Becoming Duchess Goldblatt

Becoming Duchess Goldblatt

By Duchess Goldblatt
PaperbackJuly 2020

One of the New York Times’ 20 Books to Read in 2020

“A tonic . . . Splendid . . . A respite . . . A summer cocktail of a book.”
Washington Post

“Unforgettable . . . Behind her brilliantly witty and uplifting message is a remarkable vulnerability and candor that reminds us that we are not alone in our struggles—and that we can, against all odds, get through them.”Lori Gottlieb, New York Times best-selling author of Maybe You Should Talk to Someone

Part memoir and part joyful romp through the fields of imagination, the story behind a beloved pseudonymous Twitter account reveals how a writer deep in grief rebuilt a life worth living.

Becoming Duchess Goldblatt is two stories: that of the reclusive real-life writer who created a fictional character out of loneliness and thin air, and that of the magical Duchess Goldblatt herself, a bright light in the darkness of social media. Fans around the world are drawn to Her Grace’s voice, her wit, her life-affirming love for all humanity, and the fun and friendship of the community that’s sprung up around her

"Deeply satisfying, unexpectedly moving...As lovable as the duchess herself...In Duchess Goldblatt's digital neighborhood, people are not just welcome but completely adored...Duchess and Anonymous subtly, slowly become one person. She no longer feels alone; neither do her subjects. People find solace in this fictional character—and Anonymous does, too."
Julie Klam, New York Times Book Review

"There's no recipe for Duchess Goldblatt tweets, but they often amount to one part conventional wisdom and two parts surrealism, with some grandmotherly tenderness or saltiness sprinkled in for good measure...Her feed is one of the few places on the internet devoted to spreading unadulterated joy. It's also a successful example of social media literature, due in part to Duchess's voice, which requires readers to confront the ridiculousness of the entire premise alongside the sincerity of her musings...Becoming Duchess Goldblatt recontextualizes the Twitter account as a therapeutic exercise."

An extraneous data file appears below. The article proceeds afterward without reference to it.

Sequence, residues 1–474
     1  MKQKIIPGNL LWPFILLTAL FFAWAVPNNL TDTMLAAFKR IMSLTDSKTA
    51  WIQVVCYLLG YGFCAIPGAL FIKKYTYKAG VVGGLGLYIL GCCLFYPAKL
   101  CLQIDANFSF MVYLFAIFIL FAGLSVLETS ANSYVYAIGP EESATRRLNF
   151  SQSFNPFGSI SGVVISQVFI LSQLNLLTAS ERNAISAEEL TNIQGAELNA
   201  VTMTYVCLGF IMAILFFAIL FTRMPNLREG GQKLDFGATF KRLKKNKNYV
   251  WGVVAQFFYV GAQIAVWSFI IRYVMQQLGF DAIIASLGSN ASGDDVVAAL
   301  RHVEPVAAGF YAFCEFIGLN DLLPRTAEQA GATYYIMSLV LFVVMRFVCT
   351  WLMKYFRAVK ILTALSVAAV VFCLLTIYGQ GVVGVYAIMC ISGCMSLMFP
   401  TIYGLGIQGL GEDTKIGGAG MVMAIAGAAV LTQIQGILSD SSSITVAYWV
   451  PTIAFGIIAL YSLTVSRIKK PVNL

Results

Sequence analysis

Kate Dwyer, New York Times

People, "The Best New Books"

"A tonic, a gift for our anxious summer...Becoming Duchess Goldblatt is many things, all of them splendid...The best sort of self-help, demonstrating that creativity, generosity and even Twitter...can offer salvation and lift all boats...Anonymity liberates the author to share her story without restraint. The book is enriched by two distinct voices: one frank and vulnerable, the other all-knowing. You believe the details of the author's life because, though Duchess, she's committed to staying generous and true...This sort of anonymity, in a time of too much oversharing on too many platforms, is a respite. We need magic. The book's timing is inspired. It's a summer cocktail of a book. Of Duchess Goldblatt, we would expect nothing less."
Washington Post

"The writer goes to great lengths in the book to demarcate herself from the Duchess. Goldblatt is an alter ego, someone onto whom she can project her pain and have it come back in the form of jokes. An obvious model is Dorothy Parker, but in a way the writer's creative nimbleness and insistence on anonymity brings to mind someone more like Lee Israel...Her proclamations sound like pithy lines from a standup special—that is, if the comedian was God and if God was an 81-year-old woman from the 17th century...What's most astonishing is the relationship Duchess has with her community...They find her amusing, comforting, assuring...Originally used as a tool to deal with her own trauma, over time the Duchess has mutated into something more like a movement. Duchess Goldblatt is a kid of way to rewrite the ways we treat ourselves and the people around us. The writer admits to a very famous friend she meets at one point in the book that the Duchess 'whispers' little prayers to each of her followers...It's loving the bizarre and cherishing the weird that Goldblatt does best. And it's why so many people trust her to tell them how to live, how to treat themselves with more compassion, how to treat each other better, too."
Boston Globe